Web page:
We must avoid buying larger quantities of food, because even pre-packaged foods have suggested servings that are sometimes nearly twice the amount than the recommended portion size. The easiest way to avoid consuming larger portions while eating out is to order an appetizer and a side or a main course and a side as your meal at a restaurant. Remove whatever comes with your main course dish and replace it with veggies or just push it off your plate and request a side of steamed veggies. As I have explained in a previous post ("Keeping Cooked Foods Delicious and Nutritious"), steamed veggies are the healthiest way to consume them (besides raw), because most of the vitamins and nutrients stay intact, unlike other cooking methods of cooking at higher temperatures.
It is also important to make sure that your waiter tells the chef to substitute butter for olive oil wherever it is used. You may think that egg white omelette or halibut that you're eating is a good choice, but most restaurants cook everything in butter to "add flavor" when they're really just adding bad fat. I say "bad fat" because olive oil is in the "good fat" group of healthy fats unlike those solid "bad fats" that make you unhealthy and gain weight. 'Clean Plates' has an online guide to help you make better restaurant choices, I highly recommend it: http://cleanplates.com
Cooking and eating at home is the easiest way to keep the portions small and avoid extra calories in general. Use smaller plates and bowls rather than large ones so that you don't feel encouraged to fill up. As you can see in the photo below, I even eat my cereal in a coffee cup! Add vegetables before other protein and starches (good carbs only, please) and measure sauces and dressings with a spoon rather than pouring it directly onto your food. Drinking lots of water before and during your meal is a great way to avoid "empty eating" and excessive alcohol consumption - juice doesn't count!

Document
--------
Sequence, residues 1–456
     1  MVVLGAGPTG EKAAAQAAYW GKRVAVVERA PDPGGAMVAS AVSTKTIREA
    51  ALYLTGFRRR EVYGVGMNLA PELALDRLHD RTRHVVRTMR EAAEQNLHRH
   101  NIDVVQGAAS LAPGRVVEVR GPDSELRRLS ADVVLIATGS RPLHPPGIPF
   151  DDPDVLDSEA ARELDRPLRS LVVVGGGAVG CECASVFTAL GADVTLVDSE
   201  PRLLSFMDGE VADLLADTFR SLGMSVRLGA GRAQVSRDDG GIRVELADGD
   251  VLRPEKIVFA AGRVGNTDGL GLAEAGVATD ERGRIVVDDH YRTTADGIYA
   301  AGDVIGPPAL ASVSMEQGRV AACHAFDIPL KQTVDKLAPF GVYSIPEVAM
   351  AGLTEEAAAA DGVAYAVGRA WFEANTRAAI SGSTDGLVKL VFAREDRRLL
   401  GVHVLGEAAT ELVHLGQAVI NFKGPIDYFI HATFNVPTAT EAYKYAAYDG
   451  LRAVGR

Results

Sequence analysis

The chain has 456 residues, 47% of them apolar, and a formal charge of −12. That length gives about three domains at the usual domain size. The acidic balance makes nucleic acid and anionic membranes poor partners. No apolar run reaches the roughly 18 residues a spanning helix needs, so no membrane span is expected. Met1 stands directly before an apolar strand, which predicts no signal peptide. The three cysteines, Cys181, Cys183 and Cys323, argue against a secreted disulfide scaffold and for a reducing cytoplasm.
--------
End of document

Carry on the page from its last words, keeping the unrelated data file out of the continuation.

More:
The most important thing to remember when it comes to eating is to follow the "hara hachi bu" method in Japan: Stop eating when you are 80% full. This is another reason why it is so important to eat slowly and chew each bite as many times as you can, because it takes about twenty minutes for our stomachs to communicate with our brains to determine how full we are. When we claim to be "starving", it is simply the brain sending signals to the stomach that its time to eat. Wait at least fifteen minutes for this feeling to pass before eating so that you can avoid overeating and eating too fast. It may take some time for you to get used to this method (it did for me), but its so worth it!
Being completely full makes us feel bloated and uncomfortable because its not healthy! By adding this method of eating with organic foods and eliminating processed foods and drinks, making greens and healthy grains the main part of your meals and consuming healthy snacks, your health, weight and overall well-being will improve, its already making a big difference for me!
My homemade granola (fiber, potassium, iron) with organic cranberries (proanthocyanidins, antioxidants), raisins (iron, calcium, protein, Vitamin C, fiber), flaxseed oil (omega-3s, Vitamin B, manganese, magnesium, fiber, antioxidants, etc.), cinnamon (reduces fasting blood glucose and cholesterol) and almond milk (Vitamin A, Vitamin D, riboflavin, iron). As you can see, I enjoy brewing my favorite chai tea the old-fashioned way!